[Nlnog] [alex at nac.net: Can a Customer take their IP's with them? (Court says yes!)]

Sabri Berisha sabri at cluecentral.net
Tue Jun 29 07:04:03 UTC 2004

Quote van Patrick Gilmore:

>Who cares what the court thinks?  Are you mentioned in the TRO?  If
>not, do a quick look at all CIDRs in ^8001$ and find any sub-CIDRs
>without _8001_ in the path.  Your routers, you decide what to do with
>the prefix.

>Of course, if you just happen to uphold INTERNET STANDARDS and only
>accept routes from where they should originate, I'll buy you a drink at
>the next NANOG for being a good netizien. :)

----- Forwarded message from Alex Rubenstein <alex at nac.net> -----

Date: Mon, 28 Jun 2004 23:24:27 -0400 (Eastern Standard Time)
From: Alex Rubenstein <alex at nac.net>
To: nanog at nanog.org
Subject: Can a Customer take their IP's with them? (Court says yes!)

Please read -- this is lengthy, and important to the industry as a whole.
We ask for, and solicit, comments, letters of support, etc., for our
position. We are looking for people to take a position on this, and come
forward, perhaps even to provide an affidavit or certification. Something
along the lines of a 'friend of the court' brief, or even comments as to
why we are wrong.

Read on.

There has been a Temporary Restraining Order (TRO) issued by state court
that customers may take non-portable IP space with them when they leave
their provider. Important to realize: THIS TEMPORARY RESTRAINING ORDER HAS

This is a matter is of great importance to the entire Internet community.
This type of precedent is very dangerous. If this ruling is upheld it has
the potential to disrupt routing throughout the Internet, and change
practices of business for any Internet Service Provider.

In the TRO, the specific language that is enforced is as follows:

	"NAC shall permit CUSTOMER to continue utilization through any
carrier or carriers of CUSTOMER's choice of any IP addresses that were
utilized by, through or on behalf of CUSTOMER under the April 2003
Agreement during the term thereof (the "Prior CUSTOMER Addresses") and
shall not interfere in any way with the use of the Prior CUSTOMER
Addresses, including, but not limited to:

	(i) by reassignment of IP address space to any customer;
aggregation and/or BGP announcement modifications,

	(ii) by directly or indirectly causing the occurrence of
superseding or conflicting BGP Global Routing Table entries; filters
and/or access lists, and/or

	(iii) by directly or indirectly causing reduced prioritization or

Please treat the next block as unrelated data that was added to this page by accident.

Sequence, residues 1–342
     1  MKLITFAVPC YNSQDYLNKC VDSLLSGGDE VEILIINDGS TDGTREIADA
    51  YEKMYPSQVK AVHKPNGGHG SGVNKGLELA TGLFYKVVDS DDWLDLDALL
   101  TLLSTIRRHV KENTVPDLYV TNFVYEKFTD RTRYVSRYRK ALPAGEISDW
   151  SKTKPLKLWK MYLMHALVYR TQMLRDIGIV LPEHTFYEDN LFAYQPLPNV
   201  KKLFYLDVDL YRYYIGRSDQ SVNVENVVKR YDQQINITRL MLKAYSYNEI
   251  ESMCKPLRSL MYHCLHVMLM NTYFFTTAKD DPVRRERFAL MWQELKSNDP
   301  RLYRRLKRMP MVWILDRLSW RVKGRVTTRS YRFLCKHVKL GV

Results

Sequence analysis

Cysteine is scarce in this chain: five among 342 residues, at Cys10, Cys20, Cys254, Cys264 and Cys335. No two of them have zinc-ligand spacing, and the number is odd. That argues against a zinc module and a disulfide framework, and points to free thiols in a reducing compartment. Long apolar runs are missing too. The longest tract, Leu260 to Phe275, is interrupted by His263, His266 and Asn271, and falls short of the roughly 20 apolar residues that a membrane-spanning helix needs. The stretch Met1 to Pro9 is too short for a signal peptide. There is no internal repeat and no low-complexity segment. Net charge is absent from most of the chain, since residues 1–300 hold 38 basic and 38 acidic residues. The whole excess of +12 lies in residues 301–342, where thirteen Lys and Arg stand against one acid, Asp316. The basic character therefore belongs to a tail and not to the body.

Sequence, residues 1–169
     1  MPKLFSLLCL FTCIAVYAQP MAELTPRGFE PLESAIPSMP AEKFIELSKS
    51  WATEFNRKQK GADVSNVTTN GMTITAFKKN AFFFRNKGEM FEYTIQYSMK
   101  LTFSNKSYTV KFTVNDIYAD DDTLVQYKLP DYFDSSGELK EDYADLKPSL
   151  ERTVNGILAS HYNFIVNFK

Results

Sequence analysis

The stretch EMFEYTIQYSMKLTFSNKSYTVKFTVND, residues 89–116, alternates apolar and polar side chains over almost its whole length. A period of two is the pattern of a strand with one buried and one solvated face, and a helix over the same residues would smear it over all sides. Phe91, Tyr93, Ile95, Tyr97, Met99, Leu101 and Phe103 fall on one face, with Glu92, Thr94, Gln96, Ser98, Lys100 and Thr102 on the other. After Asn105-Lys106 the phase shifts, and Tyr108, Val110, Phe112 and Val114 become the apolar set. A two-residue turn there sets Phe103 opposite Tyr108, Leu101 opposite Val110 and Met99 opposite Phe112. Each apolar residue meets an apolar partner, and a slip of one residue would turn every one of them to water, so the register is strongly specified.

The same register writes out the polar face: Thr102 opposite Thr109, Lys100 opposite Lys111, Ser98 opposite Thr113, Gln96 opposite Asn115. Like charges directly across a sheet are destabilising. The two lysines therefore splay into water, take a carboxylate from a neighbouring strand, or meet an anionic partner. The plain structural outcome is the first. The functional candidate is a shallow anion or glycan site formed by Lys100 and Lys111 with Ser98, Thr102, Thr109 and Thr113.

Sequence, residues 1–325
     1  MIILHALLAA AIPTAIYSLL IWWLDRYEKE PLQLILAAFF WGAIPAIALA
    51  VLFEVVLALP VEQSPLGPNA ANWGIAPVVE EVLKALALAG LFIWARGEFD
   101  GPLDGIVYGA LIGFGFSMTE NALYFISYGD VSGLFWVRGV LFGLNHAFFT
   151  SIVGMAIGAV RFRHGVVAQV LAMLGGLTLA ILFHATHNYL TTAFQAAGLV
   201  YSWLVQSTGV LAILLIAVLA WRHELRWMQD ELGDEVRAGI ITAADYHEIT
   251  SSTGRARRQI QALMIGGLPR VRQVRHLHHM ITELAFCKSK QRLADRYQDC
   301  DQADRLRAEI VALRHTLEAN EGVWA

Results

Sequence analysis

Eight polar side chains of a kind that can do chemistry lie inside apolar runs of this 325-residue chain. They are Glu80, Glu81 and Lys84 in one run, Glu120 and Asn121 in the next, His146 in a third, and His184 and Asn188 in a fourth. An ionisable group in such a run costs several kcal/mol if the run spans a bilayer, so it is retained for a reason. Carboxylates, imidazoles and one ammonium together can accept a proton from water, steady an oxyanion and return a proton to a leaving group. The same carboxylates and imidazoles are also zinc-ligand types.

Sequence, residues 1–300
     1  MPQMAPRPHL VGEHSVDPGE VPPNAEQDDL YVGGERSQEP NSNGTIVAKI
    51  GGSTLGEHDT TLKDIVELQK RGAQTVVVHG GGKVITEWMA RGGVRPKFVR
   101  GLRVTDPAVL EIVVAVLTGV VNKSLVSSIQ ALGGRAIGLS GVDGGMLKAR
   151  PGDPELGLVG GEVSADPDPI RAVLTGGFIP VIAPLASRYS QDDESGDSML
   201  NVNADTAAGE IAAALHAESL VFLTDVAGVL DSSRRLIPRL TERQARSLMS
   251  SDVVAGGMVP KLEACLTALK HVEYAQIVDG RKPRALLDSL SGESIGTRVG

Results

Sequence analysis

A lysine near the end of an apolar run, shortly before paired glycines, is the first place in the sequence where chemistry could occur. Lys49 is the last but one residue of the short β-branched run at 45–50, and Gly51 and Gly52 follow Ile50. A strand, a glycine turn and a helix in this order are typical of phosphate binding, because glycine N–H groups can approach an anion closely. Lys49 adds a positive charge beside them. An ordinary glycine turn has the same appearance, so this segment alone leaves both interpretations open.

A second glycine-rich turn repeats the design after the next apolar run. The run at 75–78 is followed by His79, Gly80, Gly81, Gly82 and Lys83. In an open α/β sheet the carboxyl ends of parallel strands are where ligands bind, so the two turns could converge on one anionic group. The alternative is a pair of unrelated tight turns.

access to and/or from the Prior CUSTOMER Addresses, (c) provide CUSTOMER
with a Letter of Authorization (LOA) within seven (7) days of CUSTOMER's
written request for same to the email address/ticket system
(network at nac.net), and (d) permit announcement of the Prior CUSTOMER
Addresses to any carrier, IP transit or IP peering network."

We believe this order to be in direct violation of ARIN policy and the
standard contract that is signed by every entity that is given an
allocation of IP space. The ARIN contract strictly states that the IP
space is NOT property of the ISP and can not be sold or transferred. The
IP blocks in question in this case are very clearly defined as
non-portable space by ARIN.

Section 9 of ARIN's standard Service Agreement clearly states:

"9. NO PROPERTY RIGHTS. Applicant acknowledges and agrees that the
numbering resources are not property (real, personal or intellectual) and
that Applicant shall not acquire any property rights in or to any
numbering resources by virtue of this Agreement or otherwise. Applicant
further agrees that it will not attempt, directly or indirectly, to obtain
or assert any trademark, service mark, copyright or any other form of
property rights in any numbering resources in the United States or any
other country."

 [ Full ARIN agreement http://www.arin.net/library/agreements/rsa.pdf ]

Further, it is important to realize that this CUSTOMER has already gotten
allocations from ARIN over 15 months ago, and has chosen not to renumber
out of NAC IP space. They have asserted that ARIN did not supply them with
IP space fast enough to allow them to renumber. Since they have gotten
allocations from ARIN, we are confident they have signed ARIN's RSA as
well, and are aware of the above point (9).

If this ruling stands and a new precedent is set, any customer of any
carrier would be allowed to take their IP space with them when they leave
just because it is not convenient for them to renumber. That could be a